The principle is enshrined in the European Union treaty. The most significant support for the principle in Europe has come from the European Commission's Communication on the Precautionary Principle, the European Parliament's resolution on the Communication and the Council of Ministers' Nice resolution on the precautionary principle, all issued in 2000.
In 1998, a gathering of 32 scientists, philosophers, lawyers and environmental activists, reached agreement on the necessity of the Precautionary Principle and called for government, corporations, communities and scientists to implement the "precautionary principle" in making decisions in the following statement:
The Convention on the Protection and Use of Transboundary Watercourses and International Lakes describes the application of the precautionary principle as follows: The precautionary principle, by virtue of which action to avoid the potential transboundary impact of the release of hazardous substances shall not be postponed on the ground that scientific research has not fully proved a causal link between those substances, on the one hand, and the potential transboundary impact, on the other hand.
Article 5(a) of the Draft Protocol on Water and Health (1999) to the Convention on the Protection and Use of Transboundary Watercourses and International Lakes (1992), requires parties to be guided by: The precautionary principle, by virtue of which action to prevent, control or reduce water-related disease shall not be postponed on the ground that scientific research has not fully proved a causal link between the factor at which such action is aimed, on the one hand, and the potential contribution of that factor to the prevalence of water-related disease and/or transboundary impacts, on the other hand.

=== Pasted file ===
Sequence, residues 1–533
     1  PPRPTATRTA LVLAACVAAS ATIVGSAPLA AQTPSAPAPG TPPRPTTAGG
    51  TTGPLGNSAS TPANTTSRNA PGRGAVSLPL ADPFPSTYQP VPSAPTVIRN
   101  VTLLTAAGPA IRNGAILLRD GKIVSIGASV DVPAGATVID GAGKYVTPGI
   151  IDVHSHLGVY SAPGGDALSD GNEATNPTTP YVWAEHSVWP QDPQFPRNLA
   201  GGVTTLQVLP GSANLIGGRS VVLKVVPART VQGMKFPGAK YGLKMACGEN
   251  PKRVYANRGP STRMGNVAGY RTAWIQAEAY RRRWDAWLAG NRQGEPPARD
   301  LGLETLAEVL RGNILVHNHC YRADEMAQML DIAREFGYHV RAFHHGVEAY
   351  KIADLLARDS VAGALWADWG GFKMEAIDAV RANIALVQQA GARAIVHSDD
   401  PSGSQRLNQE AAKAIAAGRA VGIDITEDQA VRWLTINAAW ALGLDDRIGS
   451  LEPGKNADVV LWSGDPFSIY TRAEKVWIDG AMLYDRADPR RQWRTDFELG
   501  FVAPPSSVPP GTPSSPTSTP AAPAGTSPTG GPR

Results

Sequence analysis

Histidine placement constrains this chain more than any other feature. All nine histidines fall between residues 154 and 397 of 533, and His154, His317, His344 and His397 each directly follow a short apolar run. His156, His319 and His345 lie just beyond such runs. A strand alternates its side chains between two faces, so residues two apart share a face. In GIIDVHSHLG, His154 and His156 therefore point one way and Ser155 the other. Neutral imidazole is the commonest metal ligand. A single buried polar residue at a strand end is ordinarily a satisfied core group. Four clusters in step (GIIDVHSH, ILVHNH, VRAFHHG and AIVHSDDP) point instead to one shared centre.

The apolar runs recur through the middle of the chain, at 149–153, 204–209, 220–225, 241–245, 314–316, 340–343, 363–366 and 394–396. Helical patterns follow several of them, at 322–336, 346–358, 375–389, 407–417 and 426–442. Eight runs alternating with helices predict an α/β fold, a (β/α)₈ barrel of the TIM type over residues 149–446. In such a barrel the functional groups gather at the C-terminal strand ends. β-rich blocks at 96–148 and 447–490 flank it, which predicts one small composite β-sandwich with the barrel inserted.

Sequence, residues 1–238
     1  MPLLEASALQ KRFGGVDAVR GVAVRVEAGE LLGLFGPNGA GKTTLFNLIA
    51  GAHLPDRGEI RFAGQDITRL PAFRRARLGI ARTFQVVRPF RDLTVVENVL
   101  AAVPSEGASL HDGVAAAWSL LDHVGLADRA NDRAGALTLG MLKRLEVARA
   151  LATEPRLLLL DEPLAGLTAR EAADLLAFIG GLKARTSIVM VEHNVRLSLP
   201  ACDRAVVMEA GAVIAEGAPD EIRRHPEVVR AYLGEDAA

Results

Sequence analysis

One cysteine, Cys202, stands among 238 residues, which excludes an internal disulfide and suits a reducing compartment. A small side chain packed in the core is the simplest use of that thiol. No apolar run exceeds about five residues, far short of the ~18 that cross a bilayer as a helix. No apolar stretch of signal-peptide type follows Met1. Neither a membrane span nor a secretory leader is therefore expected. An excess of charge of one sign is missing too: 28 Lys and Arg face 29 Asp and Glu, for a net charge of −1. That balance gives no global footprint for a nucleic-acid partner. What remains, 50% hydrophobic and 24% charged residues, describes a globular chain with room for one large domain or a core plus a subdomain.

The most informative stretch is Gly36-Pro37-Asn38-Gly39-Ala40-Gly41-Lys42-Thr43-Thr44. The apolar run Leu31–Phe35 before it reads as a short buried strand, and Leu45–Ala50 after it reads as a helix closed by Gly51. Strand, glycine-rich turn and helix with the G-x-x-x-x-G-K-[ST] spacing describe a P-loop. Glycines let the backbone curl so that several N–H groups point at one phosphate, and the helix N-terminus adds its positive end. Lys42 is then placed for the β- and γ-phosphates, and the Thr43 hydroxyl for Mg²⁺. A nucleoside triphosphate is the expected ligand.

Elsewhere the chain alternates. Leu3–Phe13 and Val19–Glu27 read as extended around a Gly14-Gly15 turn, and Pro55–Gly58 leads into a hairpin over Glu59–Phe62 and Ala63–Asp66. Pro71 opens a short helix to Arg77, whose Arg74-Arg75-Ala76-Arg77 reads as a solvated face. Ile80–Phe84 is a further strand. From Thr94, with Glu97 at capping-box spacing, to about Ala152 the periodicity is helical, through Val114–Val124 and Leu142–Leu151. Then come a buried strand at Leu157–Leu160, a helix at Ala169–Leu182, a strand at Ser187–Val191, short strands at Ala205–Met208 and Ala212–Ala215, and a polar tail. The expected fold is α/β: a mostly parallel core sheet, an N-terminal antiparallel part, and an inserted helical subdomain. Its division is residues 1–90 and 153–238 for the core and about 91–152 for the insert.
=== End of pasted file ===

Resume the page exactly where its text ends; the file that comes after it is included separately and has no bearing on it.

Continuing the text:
The Cartagena Protocol on Biosafety to the Convention on Biological Diversity affirms several times the precautionary approach and the appropriateness of taking protective action where there is a "lack of scientific certainty due to insufficient relevant scientific information and knowledge regarding the extent of the potential adverse effects..."